Monday, April 7, 2008

American River 50 & Daffodil 10k










What a fun weekend that was! I don’t get to watch many races, so seeing some stud runners finishing a 50-miler with an uphill finish was downright inspiring. I was dropped in Auburn on Saturday (while the wife went shopping…scary). I was there to see Nick Bingham (Reno) & Erik Dube (from CSU Stanislaus) finish. Nick was attempting to qualify for Western States by placing in the top 3, and two other Reno runners (Fred Zalokar & Jeff Huxhold) had pacing duties for the second half. Nick would fall short of his goal, but still run well enough to finish 14th in 6:40. I volunteered myself to run up the last hill with him and Jeff, and was amazed that he was still able to run…although the last hill was short, it was steep, warm, and 49.8 miles into a run! Erik had a rough time out there, but I doubt it ever crosses his mind to call it in, and he battled to the finish in 8:14, well off his goal, but still... I doubt I have the mental or physical fortitude of either of these two guys, as it would be soooo easy to just pack it in on an off day…so hats off to both of you! Anyone who chooses to run an uphill 50.2 mile race has earned my respect and then some. I also had the privilege of helping a runner in that I’d never met before, just over his 8 hour goal…and he even thanked me by barfing on the matt at the finish!!!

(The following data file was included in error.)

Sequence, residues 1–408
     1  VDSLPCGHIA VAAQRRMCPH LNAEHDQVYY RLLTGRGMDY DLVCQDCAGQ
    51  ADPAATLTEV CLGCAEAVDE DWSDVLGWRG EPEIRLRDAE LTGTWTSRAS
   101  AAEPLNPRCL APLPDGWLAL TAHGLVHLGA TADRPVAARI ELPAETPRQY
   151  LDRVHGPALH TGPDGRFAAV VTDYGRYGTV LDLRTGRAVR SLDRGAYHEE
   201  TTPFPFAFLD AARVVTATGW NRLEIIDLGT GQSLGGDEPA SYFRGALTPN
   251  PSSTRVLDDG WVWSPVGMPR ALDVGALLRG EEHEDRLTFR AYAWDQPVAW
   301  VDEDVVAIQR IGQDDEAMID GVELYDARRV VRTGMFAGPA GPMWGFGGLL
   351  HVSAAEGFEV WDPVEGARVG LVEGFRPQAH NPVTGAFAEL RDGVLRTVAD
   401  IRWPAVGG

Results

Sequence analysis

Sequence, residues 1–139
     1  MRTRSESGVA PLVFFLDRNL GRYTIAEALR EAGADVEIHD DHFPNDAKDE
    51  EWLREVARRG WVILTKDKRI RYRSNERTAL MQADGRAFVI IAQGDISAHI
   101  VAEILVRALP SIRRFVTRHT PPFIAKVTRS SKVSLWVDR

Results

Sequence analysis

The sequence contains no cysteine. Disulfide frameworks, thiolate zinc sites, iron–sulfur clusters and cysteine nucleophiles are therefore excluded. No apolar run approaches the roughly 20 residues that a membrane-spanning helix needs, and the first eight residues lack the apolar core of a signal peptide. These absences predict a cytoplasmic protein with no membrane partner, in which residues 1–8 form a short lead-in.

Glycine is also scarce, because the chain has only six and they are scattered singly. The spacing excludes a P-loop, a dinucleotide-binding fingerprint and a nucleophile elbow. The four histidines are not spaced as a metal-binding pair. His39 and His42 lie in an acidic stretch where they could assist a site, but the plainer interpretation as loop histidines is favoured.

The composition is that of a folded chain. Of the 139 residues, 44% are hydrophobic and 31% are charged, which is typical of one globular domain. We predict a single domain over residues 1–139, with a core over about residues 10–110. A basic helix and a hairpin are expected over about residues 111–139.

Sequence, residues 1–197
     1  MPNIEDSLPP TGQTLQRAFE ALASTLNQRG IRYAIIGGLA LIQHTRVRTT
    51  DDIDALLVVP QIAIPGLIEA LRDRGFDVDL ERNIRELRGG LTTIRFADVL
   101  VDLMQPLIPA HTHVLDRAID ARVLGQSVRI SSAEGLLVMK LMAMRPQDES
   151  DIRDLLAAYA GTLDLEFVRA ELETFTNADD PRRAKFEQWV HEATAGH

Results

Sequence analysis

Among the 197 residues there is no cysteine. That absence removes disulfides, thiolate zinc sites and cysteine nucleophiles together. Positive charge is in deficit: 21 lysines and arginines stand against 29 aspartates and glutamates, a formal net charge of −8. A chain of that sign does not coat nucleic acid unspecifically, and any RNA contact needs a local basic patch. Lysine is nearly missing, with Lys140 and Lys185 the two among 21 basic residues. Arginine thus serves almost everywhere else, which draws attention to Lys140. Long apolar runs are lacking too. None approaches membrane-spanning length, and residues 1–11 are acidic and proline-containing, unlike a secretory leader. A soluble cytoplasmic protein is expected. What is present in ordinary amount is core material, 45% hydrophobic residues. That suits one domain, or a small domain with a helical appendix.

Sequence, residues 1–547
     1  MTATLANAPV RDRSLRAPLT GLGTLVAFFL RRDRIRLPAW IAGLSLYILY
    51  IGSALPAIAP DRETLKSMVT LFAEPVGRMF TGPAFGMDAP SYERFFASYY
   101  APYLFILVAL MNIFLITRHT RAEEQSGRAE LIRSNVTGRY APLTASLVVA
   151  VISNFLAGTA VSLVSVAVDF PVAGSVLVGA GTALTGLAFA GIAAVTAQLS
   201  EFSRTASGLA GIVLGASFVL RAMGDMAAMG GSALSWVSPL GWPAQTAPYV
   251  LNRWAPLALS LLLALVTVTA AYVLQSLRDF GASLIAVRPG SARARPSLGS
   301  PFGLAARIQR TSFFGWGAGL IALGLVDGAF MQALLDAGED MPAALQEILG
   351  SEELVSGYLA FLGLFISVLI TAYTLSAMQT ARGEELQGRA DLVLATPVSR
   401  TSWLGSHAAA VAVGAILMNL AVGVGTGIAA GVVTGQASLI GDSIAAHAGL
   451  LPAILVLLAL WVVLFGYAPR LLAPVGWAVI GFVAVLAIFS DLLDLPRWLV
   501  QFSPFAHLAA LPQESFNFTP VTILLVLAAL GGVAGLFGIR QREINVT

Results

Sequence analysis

The temperature in Penn Valley was cooler than Auburn the previous day. My perfect 10k weather would be 50 at the start, and mid-high 50’s at the end. It was cooler than that, but the clouds burned off, and while it was breezy, the wind could have been much worse. I’d guess under 45 at the start, 50 by the end. I tried a new course this year as I’d run the 5k in 2006 & 2007. This race always brings a little extra buzz in the Nevada City area as it is the first race of the now 3 year old Gold Country Grand Prix. I saw a few familiar faces before the race, and was able to warm up with Peter Lubbers and Larry Defeyter, both of whom have run very well over the last couple years. We did just under 2 miles and were back in time to see most of the kids races, 10-15 minutes before our own.

We were off at 8:45. These are the easiest courses in the Grand Prix, but neither is flat. The 5k is close…you run over one tiny hill a half mile in, and barely start up the first 10k hill before the turnaround. The 10k has a “nice” hill between 1.5-2 miles, and a few decent rollers between 3-4…definitely enough to take notice. Miles 4-6 are mostly downhill and flat, with one exception, before the 250 meter uphill sprint to the finish, which the 5k also runs.